Advice for Securing your Property from Theft

As a retired member of the law enforcement community and a parent with children who have/are attend(ing) three separate colleges (including St. Mary’s), families of students need to take reasonable precautions before they send their sons and daughters off into the world.

No one ever expects to be a victim of a crime, and we would like to believe that the people who surround us are trustworthy and respectful of our property.

Unfortunately, this is not always the case, and it takes but one incident like the burglary described in Peter Sparklin’s article, “$400 of Electronics Stolen from NC3” to shock us back into reality. Although too late for some, this should be a wake-up call for others.

Many of us may not be thinking about securing renter’s insurance when their child is at college, yet it’s available at little or no cost. Some insurance carriers will often extend coverage at no charge beyond what the family is already paying for their own homeowner’s policy.

A basic policy from AAA could run $100 a year.

Before a college-bound student introduces anything of value into their dorm or apartment there are some basics that are rarely followed: the make, model, color, serial number, date/location of purchase and price of each and every article of value should be recorded in more that one place.

Entering that information within the phone contacts directory may be ideal because you can also take a picture of the specific item to include with the specific identifiable information. This can be important if the item has any unique markings that could be readily identifiable later or if its serial number has been altered or obliterated.

The original sales receipt and any warranty information should be retained in a safe, secure place away from the dorm and probably at home. Since cell phone contact directories can be easily backed-up, this information should be fairly safe and quick to restore if the cell phone itself is lost, stolen or damaged.

Of course, since all of this sensitive information is inside your cell phone, this would also be a good time to enable your phone with a passcode lock.

All students (and their parents) should also have a ready record of the contents of their wallet or purse. Open it up and photo copy the front and back of any medical, driver’s license, student ID, credit cards, etc.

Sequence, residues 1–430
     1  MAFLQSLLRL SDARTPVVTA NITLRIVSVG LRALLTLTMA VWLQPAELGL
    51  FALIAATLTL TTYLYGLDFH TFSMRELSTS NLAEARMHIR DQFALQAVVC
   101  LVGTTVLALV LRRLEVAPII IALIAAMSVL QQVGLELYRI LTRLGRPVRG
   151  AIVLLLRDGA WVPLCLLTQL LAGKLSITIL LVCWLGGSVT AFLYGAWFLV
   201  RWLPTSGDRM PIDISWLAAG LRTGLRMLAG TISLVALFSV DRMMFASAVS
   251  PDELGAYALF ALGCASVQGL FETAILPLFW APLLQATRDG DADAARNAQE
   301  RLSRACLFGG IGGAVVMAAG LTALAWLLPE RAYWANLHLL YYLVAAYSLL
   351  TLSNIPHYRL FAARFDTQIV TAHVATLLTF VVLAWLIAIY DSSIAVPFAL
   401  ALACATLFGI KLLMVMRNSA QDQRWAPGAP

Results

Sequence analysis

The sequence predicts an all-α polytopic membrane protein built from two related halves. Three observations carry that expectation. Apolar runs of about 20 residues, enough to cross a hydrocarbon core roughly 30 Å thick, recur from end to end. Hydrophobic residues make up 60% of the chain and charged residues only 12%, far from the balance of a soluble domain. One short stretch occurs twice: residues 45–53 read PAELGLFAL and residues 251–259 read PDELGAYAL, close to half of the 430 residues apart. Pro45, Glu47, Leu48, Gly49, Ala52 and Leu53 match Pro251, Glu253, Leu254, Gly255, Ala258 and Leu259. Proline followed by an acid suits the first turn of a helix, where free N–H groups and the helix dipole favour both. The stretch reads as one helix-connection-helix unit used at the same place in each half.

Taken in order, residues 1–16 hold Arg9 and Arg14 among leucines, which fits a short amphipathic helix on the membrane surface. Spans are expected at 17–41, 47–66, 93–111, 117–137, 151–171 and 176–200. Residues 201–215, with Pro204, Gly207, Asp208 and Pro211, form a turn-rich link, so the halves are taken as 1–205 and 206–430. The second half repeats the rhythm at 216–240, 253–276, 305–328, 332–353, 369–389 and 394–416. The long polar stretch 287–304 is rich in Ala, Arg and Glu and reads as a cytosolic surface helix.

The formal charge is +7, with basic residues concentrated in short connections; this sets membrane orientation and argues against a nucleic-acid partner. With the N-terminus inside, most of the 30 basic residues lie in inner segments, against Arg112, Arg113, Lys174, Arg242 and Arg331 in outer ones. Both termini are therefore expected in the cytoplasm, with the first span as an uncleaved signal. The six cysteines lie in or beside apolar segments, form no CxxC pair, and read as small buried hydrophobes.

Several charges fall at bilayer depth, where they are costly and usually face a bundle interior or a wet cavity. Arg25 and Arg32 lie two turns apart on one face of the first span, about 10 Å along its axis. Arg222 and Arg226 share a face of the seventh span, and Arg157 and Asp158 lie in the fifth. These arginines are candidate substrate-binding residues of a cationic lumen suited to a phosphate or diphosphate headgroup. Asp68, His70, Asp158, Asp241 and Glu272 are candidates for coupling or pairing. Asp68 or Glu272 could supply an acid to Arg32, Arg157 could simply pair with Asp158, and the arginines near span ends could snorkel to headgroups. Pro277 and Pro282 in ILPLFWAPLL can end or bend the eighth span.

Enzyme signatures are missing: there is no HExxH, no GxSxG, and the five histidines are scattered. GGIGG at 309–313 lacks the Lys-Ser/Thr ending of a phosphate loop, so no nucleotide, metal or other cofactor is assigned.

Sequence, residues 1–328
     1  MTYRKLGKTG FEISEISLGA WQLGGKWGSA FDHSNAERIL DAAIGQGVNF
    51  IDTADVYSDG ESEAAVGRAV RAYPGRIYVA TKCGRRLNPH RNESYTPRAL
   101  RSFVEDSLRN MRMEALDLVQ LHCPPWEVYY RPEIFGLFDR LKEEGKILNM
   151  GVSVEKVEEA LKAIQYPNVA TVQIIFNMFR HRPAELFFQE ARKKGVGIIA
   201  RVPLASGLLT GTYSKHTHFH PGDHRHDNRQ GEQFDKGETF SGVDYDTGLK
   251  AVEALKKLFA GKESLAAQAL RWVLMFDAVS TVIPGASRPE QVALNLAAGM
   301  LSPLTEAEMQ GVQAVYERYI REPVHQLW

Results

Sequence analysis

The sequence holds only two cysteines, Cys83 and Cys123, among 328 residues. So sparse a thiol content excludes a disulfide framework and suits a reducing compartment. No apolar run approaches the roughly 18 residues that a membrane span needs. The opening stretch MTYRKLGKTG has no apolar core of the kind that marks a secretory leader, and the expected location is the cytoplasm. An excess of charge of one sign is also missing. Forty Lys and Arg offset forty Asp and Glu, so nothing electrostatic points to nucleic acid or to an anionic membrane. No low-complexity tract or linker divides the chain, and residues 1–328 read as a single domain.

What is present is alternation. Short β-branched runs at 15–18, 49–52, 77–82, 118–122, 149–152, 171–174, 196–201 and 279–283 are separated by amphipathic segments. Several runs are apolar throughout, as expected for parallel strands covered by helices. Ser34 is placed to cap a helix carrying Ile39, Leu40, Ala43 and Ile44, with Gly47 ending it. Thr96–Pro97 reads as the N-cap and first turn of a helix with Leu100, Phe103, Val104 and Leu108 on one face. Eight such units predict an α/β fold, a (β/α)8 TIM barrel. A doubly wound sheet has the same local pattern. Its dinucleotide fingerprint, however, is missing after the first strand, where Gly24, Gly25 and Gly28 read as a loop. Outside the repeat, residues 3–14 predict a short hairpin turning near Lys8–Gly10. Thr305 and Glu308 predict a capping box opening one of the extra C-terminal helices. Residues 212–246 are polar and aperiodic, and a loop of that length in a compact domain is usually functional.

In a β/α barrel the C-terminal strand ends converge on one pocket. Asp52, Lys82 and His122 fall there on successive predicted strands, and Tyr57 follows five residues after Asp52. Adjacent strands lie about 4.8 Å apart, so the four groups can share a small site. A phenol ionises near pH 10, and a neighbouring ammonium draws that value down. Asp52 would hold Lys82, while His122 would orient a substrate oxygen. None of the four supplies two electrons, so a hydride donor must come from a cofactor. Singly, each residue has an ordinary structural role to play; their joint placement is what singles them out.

Then if it’s lost or stolen there is no need to scramble to recall what was inside, the identifying numbers for those cards and who to call to place stops upon and/or replace them. Having this information as quickly as possible will also obviously enhance the ability of law enforcement to intercept fraudulent activity and possibly hinder acts of identity theft.

An additional recommendation for all students is to mark their items of value, but not with your social security number! Use a permanent marker to write your driver’s license number on valuables, but avoid attaching labels that could be easily removed.

Law enforcement can readily trace a driver’s license number, even if you move, since most motor vehicle offices will capture changes in address and relocation to another state.

While you may not wish to mar the face panel of your nice laptop or flat screen TV, place the information where it will be evident to anyone who examines it. Secondary identifiers, such as your initials, can be affixed in less obvious locations (inside the battery compartment for instance) or upon an outside edge so that you could readily identify your laptop (or Wii controller) when it’s sitting atop a table.

With the holidays approaching, this would be a good time for everyone to recognize that crime does not take a holiday, and just one Grinch can spoil the festive mood. Parents and students should be mindful that any new gadgets and gizmos that may make their way back to campus from home need to be protected long before they arrive.

Those items already here while the campus is closed may also need to be afforded a second look and any serial numbers recorded when you pick-up/drop off your student.

In addition, parents and students should be aware of current events on campus and heed any safety alerts, and students should remain aware of their own responsibility to secure their personal property in vehicles and dorms, review safety concerns with roommates, respect the property of others, report suspicious persons/activity to the proper authorities, and take any reasonable precautionary measures in advance to ensure that any property that may become lost or stolen can be identified, thereby increasing the likelihood it will be reunited with its rightful owner, and any thieves held accountable.

For those unlawful individuals who believe that they can pilfer from others and attempt to disrupt the tranquil and learning surroundings of the St. Mary’s campus, rest assured that tracking devices are an invaluable tool.

The next unattended laptop or gadget you see may be there to lure you. It will be in a student lounge, the library, a gym locker, or dashboard of a car. Leave it alone or be prepared to get acquainted with your local law enforcement.

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